Surgeons with higher technical skills saw improved long-term survival among patients with colon cancer compared with surgeons considered to have low skills.1
A study by Brajcich and colleagues looked at surgical videos submitted by 15 surgeons from 11 hospitals. The videos were of laparoscopic right hemicolectomy performed on patients with colon cancer. The videos were reviewed by 12 or more other surgeons, including 2 with video evaluation experience, and skill scores were assigned.
The researchers then looked at outcomes for the surgeons from 609 patients identified in the National Cancer Database on surgeries performed between 2012 and 2017.
Surgeons scored as high skill had higher overall survival compared with surgeons with medium and low skill scores. The 5-year overall survival was 79% for high skill, 55% for medium skill, and 60% for low skill (P =.01 for log-rank test). Each 0.1-point skill score increment was associated with a higher likelihood of survival (hazard ratio [HR], 0.90; 95% CI, 0.84-0.97; P =.01).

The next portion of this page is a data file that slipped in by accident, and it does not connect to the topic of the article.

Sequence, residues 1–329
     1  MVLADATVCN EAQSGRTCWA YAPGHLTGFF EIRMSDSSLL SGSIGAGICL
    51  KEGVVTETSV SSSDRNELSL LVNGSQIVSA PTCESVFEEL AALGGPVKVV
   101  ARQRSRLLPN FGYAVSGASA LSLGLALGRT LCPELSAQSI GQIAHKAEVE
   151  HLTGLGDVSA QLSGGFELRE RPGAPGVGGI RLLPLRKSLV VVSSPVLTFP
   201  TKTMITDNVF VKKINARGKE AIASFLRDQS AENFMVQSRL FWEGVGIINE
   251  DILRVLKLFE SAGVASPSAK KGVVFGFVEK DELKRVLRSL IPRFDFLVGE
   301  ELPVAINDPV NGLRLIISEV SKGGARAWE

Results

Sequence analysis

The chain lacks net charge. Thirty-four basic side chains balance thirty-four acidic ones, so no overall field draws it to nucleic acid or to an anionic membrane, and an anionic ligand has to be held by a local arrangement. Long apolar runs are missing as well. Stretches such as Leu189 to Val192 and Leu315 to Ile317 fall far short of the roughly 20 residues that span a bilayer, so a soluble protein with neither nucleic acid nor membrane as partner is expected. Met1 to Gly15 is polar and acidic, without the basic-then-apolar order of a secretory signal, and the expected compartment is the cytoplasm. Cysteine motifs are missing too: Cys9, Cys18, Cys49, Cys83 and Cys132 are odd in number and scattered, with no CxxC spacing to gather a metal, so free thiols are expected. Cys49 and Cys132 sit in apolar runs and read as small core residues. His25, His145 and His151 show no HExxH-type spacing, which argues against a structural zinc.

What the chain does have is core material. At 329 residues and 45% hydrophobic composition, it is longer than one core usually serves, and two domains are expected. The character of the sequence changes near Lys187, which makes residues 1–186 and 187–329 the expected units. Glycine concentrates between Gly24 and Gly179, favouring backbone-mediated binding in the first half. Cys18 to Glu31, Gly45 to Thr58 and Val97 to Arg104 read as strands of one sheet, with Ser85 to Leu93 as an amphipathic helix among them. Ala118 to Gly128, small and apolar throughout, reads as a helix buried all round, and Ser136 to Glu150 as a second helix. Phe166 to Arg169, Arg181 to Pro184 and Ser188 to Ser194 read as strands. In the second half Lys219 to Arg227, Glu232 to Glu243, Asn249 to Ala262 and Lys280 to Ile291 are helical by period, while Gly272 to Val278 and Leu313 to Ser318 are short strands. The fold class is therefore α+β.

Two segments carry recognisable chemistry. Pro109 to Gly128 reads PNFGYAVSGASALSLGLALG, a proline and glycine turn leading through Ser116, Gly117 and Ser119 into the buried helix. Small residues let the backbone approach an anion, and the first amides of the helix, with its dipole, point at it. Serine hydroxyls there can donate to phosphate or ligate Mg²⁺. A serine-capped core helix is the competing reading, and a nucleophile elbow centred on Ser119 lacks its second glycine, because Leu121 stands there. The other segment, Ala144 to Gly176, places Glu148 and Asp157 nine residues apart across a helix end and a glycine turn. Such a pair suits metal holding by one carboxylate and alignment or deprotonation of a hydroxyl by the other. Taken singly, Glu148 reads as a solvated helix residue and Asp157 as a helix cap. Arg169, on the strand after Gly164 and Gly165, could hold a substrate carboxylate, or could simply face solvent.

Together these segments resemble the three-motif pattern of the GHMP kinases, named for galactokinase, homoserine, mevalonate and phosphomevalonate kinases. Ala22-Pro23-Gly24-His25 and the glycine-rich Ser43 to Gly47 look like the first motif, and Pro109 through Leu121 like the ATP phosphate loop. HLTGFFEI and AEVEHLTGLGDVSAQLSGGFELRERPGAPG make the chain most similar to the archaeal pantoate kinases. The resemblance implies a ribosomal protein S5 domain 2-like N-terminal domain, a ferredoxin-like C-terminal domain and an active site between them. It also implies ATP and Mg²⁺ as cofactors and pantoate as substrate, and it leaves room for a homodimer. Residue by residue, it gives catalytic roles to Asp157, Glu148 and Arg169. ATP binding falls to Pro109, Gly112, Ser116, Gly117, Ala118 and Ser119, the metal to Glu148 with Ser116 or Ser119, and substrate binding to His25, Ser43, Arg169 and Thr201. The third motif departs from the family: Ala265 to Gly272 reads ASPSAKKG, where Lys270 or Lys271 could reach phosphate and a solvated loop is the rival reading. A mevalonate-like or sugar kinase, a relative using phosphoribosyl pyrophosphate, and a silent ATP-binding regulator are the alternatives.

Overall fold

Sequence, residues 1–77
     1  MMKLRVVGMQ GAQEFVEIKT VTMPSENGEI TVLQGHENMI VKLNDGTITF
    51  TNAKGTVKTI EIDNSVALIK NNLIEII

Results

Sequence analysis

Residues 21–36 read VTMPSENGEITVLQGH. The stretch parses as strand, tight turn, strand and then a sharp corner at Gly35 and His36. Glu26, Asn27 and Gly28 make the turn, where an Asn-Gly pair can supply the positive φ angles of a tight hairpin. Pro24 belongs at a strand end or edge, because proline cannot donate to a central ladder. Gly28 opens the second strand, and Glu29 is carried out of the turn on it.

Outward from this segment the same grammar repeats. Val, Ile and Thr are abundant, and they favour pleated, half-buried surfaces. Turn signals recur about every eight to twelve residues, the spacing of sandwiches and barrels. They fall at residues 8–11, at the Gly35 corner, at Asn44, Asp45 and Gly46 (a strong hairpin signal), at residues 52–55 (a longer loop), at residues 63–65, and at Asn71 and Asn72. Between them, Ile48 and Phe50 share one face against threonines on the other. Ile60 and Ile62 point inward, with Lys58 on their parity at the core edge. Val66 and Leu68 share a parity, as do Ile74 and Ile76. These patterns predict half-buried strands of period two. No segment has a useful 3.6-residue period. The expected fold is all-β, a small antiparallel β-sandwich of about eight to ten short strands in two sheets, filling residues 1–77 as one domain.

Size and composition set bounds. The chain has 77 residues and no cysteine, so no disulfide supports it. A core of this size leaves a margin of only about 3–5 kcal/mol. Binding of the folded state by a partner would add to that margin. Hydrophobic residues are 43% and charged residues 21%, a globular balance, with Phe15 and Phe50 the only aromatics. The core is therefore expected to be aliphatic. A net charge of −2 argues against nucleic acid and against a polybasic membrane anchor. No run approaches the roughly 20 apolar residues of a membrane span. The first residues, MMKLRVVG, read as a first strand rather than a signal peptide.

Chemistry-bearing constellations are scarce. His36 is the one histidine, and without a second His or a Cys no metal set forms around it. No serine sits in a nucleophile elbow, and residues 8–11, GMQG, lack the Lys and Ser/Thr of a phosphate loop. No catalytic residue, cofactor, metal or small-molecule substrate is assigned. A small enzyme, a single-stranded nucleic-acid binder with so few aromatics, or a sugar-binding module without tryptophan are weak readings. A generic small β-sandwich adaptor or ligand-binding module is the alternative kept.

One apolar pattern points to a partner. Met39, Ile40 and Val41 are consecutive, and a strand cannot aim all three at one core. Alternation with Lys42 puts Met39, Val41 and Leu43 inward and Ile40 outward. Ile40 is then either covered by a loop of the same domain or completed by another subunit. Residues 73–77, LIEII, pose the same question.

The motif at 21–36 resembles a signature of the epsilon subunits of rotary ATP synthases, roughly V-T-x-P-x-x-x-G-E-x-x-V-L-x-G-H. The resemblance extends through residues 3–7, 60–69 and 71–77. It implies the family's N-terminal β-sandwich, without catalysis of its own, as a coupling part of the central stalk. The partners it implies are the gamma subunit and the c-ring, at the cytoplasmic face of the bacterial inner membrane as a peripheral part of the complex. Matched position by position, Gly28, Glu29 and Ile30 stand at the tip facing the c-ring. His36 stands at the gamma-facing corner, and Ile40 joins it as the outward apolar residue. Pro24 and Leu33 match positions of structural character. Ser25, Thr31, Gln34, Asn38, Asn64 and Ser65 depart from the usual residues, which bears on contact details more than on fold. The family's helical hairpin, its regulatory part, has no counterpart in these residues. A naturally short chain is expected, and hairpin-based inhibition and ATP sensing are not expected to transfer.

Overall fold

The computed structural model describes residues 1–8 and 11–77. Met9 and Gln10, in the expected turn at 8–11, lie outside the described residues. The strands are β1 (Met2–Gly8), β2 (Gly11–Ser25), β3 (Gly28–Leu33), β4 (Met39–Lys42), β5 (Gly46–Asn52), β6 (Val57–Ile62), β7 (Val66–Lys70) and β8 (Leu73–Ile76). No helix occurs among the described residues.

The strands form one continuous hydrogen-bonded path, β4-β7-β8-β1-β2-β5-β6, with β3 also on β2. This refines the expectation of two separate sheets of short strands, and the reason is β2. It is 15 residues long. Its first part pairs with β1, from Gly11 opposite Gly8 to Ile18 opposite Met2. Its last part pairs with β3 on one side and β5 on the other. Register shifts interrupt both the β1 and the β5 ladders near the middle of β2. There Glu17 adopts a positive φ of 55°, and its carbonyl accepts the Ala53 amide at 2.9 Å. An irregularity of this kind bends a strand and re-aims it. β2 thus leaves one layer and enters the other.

“This association persists when excluding early postoperative deaths, suggesting that these findings are not solely attributable to mortality from surgical complications,” the researchers wrote.
“Skill may affect survival through oncologic resection quality (eg, lymph node harvesting) or may reflect surgeon characteristics, such as operative volume or
guideline adherence,” they wrote. “Additionally, fewer complications might reduce long-term morbidity affecting nutrition and physical function.”
Bajich BC, Stulberg, JJ, Palis BE, et al. Association between surgical technical skill and long-term survival for colon cancer. JAMA Oncol. Published online October 30, 2020. doi:10.1001/jamaoncol.2020.5462
This article originally appeared on Cancer Therapy Advisor